Cerebrospinal fluid angiotensin II immunoreactivity is not derived from the plasma.
To elucidate whether the presence of angiotensin II immunoreactivity (ANG II-ir) in the cerebrospinal fluid (CSF) of the dog is in part due to passage of the peptide across the CSF-blood-brain barrier, [Ile5] angiotensin II (ANG II) was infused intravenously for 7 days in conscious, trained dogs at a rate of 10 micrograms/kg/day. Mean arterial pressure (MAP) and heart rate were monitored each day, and samples of arterial blood and CSF (with a catheter secured into the cisterna magna) were drawn at regular intervals for determination of catecholamine levels, ANG II-ir, and electrolyte levels. Within 2 days after ANG II infusion, MAP stabilized at 35 +/- 1 mm Hg (mean +/- SE, p less than 0.001) above control values. The hypertension was associated with bradycardia, suppressed plasma renin activity, and a fall in both plasma and CSF Na+ concentrations. These changes coincided with a considerable and sustained decrease in the levels of plasma and CSF norepinephrine. On the other hand, levels of epinephrine and K+ in the two compartments remained unchanged. Although concentration of ANG II-ir in plasma was augmented markedly (368% above control values, p less than 0.001), ANG II-ir in the CSF remained within the low values measured in the control period.(ABSTRACT TRUNCATED AT 250 WORDS)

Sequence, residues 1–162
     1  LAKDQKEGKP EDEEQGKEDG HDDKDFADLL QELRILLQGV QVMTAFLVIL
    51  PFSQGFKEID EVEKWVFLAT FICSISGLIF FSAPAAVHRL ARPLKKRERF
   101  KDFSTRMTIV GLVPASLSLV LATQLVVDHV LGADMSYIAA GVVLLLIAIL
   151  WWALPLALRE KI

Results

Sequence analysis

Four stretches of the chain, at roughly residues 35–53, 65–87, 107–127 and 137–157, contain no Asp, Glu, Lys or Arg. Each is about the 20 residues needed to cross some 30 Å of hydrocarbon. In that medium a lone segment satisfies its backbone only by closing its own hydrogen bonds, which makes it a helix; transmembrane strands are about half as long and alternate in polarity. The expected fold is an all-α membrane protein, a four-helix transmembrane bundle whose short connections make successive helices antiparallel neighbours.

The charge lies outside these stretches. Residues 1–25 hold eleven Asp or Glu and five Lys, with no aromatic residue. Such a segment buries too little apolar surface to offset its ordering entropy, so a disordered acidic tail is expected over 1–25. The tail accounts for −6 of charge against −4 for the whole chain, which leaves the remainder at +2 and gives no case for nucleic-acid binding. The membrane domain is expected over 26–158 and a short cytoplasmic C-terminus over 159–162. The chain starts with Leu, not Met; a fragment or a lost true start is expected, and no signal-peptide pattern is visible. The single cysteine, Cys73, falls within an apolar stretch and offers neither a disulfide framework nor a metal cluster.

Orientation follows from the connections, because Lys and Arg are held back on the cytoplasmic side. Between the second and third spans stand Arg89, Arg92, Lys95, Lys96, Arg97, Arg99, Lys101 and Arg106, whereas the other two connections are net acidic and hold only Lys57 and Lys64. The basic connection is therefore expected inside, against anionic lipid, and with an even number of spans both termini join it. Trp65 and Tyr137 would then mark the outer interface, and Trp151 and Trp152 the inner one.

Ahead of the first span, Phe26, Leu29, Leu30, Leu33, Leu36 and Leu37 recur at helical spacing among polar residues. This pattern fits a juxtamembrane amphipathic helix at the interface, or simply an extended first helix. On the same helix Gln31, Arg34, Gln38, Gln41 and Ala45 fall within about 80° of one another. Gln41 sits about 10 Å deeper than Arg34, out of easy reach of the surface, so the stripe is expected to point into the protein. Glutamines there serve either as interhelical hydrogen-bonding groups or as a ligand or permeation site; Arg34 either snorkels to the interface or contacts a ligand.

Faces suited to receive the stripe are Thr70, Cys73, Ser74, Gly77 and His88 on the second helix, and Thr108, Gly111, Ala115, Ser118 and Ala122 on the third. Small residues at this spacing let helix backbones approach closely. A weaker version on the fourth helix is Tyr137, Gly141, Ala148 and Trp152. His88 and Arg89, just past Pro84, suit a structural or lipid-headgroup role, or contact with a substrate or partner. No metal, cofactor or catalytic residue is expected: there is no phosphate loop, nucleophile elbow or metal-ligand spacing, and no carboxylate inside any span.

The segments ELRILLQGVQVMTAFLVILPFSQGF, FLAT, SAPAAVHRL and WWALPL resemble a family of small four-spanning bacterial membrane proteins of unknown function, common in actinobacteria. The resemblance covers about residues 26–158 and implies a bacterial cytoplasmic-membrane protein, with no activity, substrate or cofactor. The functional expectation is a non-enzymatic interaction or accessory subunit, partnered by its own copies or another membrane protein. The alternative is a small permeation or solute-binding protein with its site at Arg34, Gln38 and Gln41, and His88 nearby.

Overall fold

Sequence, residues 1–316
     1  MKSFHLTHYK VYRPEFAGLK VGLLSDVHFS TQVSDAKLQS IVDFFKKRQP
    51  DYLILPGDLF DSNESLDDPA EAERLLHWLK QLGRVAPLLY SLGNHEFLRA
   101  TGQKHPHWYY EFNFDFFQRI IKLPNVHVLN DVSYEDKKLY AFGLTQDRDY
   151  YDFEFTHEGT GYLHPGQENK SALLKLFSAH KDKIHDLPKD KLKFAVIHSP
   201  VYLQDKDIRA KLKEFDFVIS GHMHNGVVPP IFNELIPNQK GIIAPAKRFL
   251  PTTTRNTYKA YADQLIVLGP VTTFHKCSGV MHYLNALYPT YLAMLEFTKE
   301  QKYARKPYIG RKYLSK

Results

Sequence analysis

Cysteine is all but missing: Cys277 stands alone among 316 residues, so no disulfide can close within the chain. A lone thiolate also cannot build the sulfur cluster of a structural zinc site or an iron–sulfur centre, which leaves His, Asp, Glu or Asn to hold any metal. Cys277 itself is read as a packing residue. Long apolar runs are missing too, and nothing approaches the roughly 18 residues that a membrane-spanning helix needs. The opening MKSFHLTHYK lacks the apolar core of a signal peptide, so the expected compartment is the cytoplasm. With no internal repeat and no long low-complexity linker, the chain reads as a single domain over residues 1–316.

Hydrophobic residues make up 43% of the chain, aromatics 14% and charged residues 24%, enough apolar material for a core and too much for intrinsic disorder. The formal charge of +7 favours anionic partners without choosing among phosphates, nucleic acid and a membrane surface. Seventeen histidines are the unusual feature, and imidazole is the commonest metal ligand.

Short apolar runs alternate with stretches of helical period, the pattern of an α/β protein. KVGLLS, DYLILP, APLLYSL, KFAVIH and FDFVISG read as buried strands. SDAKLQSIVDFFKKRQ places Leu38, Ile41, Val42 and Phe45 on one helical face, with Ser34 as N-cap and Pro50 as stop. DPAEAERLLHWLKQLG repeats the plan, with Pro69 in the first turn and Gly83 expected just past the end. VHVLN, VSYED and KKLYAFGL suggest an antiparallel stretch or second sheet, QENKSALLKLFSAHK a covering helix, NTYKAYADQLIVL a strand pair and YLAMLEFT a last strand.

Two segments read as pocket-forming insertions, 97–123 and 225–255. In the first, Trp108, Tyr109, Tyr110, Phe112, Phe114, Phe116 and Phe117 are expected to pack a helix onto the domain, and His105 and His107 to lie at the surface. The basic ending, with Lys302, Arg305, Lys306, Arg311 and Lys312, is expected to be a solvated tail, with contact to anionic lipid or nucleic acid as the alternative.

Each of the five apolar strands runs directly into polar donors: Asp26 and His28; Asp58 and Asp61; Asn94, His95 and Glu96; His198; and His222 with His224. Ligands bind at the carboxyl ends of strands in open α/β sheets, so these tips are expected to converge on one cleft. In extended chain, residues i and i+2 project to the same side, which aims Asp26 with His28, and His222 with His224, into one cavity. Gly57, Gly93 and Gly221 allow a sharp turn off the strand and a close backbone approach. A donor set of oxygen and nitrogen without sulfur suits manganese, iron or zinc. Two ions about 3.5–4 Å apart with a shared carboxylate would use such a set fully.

- Copyright © 1985 by American Heart Association